Winnipeggers worried about loved ones in Turkey providing aid for those in earthquake zone

Feelings of shock and sadness still remain for members of Winnipeg’s Turkish community in the aftermath of a powerful earthquake, but they are finding ways to help those affected by the deadly disaster.

More than 7,000 people have died in southeastern Turkey and northern Syria following Monday’s 7.8-magnitude earthquake and aftershocks that have resulted in thousands of buildings collapsing. 

That includes the house in the southeastern Turkish city of Adiyaman that Songul Bozat-Emre’s relatives called home. 

Bozat-Emre received word Monday that her niece and nephew in Adiyaman died. She’s since been told that her cousin and his wife are under the rubble following the earthquake, which struck not far east of the city.

She has other relatives who are also injured.

“They don’t have access to drinking water and the sanitation is getting worse. The hospitals are full of dead bodies,” Allan Emre, Bozat-Emre’s husband, said Tuesday.

“It’s very hard to transfer the people who had been recovered under the rubble.”

Emre spoke with his mother-in-law, brother-in-law and sister-in-law. He said the family in Turkey are trying to stay strong despite the circumstances.

Four people sit on a couch and look off camera.
Allan Emre, his wife Songul Bozat-Emre, and his brother Nametullah Emre watch their TV on Monday as the latest news unfolds on the earthquake that hit parts of Turkey. (Trevor Brine/CBC)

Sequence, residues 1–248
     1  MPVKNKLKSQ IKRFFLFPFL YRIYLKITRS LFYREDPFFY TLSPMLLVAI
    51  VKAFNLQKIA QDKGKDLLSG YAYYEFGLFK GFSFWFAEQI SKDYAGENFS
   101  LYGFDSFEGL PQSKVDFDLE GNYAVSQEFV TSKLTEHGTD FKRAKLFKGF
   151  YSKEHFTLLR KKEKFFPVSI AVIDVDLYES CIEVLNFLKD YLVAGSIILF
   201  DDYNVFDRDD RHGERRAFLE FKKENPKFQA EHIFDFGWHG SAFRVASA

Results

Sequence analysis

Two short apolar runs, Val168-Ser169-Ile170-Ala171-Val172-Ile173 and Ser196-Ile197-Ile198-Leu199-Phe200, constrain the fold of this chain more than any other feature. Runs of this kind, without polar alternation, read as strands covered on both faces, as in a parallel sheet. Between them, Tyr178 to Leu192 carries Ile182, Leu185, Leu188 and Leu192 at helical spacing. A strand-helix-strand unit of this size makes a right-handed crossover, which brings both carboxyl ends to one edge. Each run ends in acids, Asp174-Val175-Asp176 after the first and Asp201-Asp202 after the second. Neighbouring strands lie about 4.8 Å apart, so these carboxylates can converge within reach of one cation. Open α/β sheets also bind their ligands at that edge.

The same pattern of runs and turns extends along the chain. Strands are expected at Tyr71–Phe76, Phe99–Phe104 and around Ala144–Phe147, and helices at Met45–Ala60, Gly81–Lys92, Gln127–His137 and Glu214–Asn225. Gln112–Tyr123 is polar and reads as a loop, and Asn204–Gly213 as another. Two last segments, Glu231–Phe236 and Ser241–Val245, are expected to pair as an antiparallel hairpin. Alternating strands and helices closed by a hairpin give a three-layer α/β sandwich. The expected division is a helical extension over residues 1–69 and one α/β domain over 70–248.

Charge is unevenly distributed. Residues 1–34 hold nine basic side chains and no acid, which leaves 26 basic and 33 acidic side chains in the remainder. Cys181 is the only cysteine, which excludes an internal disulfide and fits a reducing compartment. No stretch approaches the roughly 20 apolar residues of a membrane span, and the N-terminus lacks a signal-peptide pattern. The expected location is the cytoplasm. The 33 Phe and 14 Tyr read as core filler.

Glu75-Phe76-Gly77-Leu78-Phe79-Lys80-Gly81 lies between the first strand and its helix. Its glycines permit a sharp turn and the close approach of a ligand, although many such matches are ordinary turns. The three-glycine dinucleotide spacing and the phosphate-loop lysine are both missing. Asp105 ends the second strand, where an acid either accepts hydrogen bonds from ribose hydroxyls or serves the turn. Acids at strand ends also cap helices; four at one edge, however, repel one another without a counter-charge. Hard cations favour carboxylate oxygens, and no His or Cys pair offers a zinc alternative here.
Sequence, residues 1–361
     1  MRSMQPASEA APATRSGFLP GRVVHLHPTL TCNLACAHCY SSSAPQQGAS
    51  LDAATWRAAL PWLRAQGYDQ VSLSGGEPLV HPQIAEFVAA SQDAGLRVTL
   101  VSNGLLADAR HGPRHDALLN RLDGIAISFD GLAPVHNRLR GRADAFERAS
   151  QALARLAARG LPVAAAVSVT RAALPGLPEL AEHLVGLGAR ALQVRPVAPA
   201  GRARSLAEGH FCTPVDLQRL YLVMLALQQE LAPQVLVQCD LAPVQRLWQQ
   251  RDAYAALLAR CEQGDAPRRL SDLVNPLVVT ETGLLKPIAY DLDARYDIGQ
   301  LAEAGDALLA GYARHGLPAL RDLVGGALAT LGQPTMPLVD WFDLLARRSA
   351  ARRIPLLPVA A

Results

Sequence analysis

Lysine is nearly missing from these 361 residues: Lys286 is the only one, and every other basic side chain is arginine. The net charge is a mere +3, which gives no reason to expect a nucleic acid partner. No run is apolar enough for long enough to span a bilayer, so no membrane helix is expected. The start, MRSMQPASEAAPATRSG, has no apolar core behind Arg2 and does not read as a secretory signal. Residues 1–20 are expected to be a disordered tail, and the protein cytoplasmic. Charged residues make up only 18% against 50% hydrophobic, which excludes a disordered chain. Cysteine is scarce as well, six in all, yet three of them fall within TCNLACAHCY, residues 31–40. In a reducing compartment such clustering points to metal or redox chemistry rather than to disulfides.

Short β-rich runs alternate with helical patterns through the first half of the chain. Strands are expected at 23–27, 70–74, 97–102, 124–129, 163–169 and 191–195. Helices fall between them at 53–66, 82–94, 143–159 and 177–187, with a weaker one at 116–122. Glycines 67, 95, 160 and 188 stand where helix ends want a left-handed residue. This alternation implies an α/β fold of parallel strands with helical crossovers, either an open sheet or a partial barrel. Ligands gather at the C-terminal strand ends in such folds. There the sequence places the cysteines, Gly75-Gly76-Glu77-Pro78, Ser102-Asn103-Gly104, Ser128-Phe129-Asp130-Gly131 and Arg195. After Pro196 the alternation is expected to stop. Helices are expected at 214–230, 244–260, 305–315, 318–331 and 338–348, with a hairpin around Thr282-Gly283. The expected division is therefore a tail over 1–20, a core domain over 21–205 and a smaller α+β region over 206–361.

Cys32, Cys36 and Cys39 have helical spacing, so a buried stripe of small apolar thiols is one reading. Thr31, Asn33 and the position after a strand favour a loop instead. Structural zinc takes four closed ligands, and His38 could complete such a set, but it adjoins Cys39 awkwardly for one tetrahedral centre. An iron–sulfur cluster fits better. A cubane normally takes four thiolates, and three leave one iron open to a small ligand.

Everyone in Adiyaman is now homeless, and the roads are covered in debris.

“It’s very challenging … they don’t have proper clothing,” Emre said. “It’s extremely hard and it’s cold.”

In an effort to help those struggling to survive in the aftermath of the earthquake, his sister-in-law Lisa Emre, started a GoFundMe campaign to help the people in southeastern Turkey.

People watch near a bulldozer as rescue workers try to reach trapped residents in a collapsed building in Kahta, southeastern Turkey, following an earthquake.
Rescue workers try to reach trapped residents in a collapsed building in Kahta, in southeastern Turkey on Monday. (The Associated Press)

She wants to provide assistance to as many people as possible, including extended family members.

“There is no shelter, there is no food, there is no clothes, there is no water. We don’t know when resources will be there,” Emre said.

“I know that several countries have stepped up, but we want to be able to make sure that we make a concentrated effort on the regions that might be overlooked slightly.

The Canadian government announced Tuesday it will be sending a $10-million earthquake aid package to Turkey and Syria.

Emre’s fundraising goal is $50,000.

“We have a city to rebuild and a lot of families to take care of, and the entire region is so many people,” she said. “I don’t know if $10,000 will be enough or $1,000,000. We don’t know. It’s just a starting point.

Her brother-in-law Allan Emre believes sending financial aid to Turkish residents is important.